Researchers test new fiber 3D printing technique

A team of researchers will investigate using 3D printing, or additive manufacturing, techniques in the fabrication of optical fiber.

Southampton, Hampshire, England - Researchers at the University of Southampton will investigate using 3D printing, or additive manufacturing, techniques in the fabrication of optical fiber. This entirely new way of making fiber could pave the way for more complex structures capable of unlocking a host of applications in a wide range of industries.

Currently, the piece of glass from which an optical fiber is drawn gives a consistent structure along the length of the preform, but makes it difficult to control the shape and composition of the fiber in 3D. This limits the flexibility engineers can exercise in the design of the fiber and the capabilities that the fibers can offer.

The new technique, being developed by Professor Jayanta Sahu and colleagues from the University of Southampton’s Zepler Institute and co-investigator Dr. Shoufeng Yang from the Faculty of Engineering and Environment, will allow engineers to manufacture preforms with far more complex structures and different features along their lengths.

“We will design, fabricate, and employ novel Multiple Materials Additive Manufacturing (MMAM) equipment to enable us to make optical fiber preforms (both in conventional and microstructured fiber geometries) in silica and other host glass materials,” says Professor Sahu. “Our proposed process can be utilized to produce complex preforms, which are otherwise too difficult, too time-consuming, or currently impossible to be achieved by existing fabrication techniques.”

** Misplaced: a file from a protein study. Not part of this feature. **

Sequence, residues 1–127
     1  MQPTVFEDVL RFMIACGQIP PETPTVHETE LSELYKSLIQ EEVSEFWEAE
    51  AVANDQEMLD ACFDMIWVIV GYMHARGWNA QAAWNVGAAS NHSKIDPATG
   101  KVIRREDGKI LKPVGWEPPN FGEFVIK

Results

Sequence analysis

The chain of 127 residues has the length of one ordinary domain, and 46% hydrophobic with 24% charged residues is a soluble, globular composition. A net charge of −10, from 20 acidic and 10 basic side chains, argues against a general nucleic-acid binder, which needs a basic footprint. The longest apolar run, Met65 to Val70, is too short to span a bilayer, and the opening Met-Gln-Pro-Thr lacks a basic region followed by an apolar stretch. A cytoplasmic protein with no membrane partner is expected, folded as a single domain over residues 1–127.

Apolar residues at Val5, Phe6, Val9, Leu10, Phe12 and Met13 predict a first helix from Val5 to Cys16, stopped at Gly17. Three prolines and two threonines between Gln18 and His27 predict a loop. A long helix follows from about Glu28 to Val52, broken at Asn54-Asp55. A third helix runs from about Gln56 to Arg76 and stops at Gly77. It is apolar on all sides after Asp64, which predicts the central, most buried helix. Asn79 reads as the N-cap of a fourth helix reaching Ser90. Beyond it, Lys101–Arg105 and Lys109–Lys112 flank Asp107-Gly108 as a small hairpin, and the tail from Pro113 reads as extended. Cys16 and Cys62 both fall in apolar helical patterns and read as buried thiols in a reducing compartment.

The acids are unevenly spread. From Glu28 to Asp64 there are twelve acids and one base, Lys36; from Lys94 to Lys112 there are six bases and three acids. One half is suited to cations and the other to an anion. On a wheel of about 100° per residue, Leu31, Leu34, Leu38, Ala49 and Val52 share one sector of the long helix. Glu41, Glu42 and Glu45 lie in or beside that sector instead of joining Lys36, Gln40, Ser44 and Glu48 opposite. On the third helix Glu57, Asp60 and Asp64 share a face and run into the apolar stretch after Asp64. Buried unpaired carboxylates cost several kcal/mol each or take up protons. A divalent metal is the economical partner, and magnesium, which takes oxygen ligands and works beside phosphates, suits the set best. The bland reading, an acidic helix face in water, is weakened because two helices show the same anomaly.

Currently, most microstructured fibers are made using the labor intensive "stack and draw" process, which involves stacking several smaller glass capillaries or canes together by hand to form the preform. However, using the new additive manufacturing technique, the researchers will be able to form complex fiber structures from ultra-pure glass powder, layer by layer, gradually building up the shape to create a preform several tens of centimeters in length. There are numerous challenges, including the high melting temperature of the glass (over 2000°C in case of silica); the need for precise control of dopants, refractive index profiles, and waveguide geometry; and the need for transitions between the layers to be smooth—otherwise, the properties of the resultant fiber will be altered.

As part of the project, funded by the Engineering and Physical Sciences Research Council (EPSRC), the researchers will be working with three companies: ES Technology (Oxford, Oxfordshire, England), a provider of laser material processing systems; Fibercore (Southampton); and SG Controls (Cambridge, Cambridgeshire, England).

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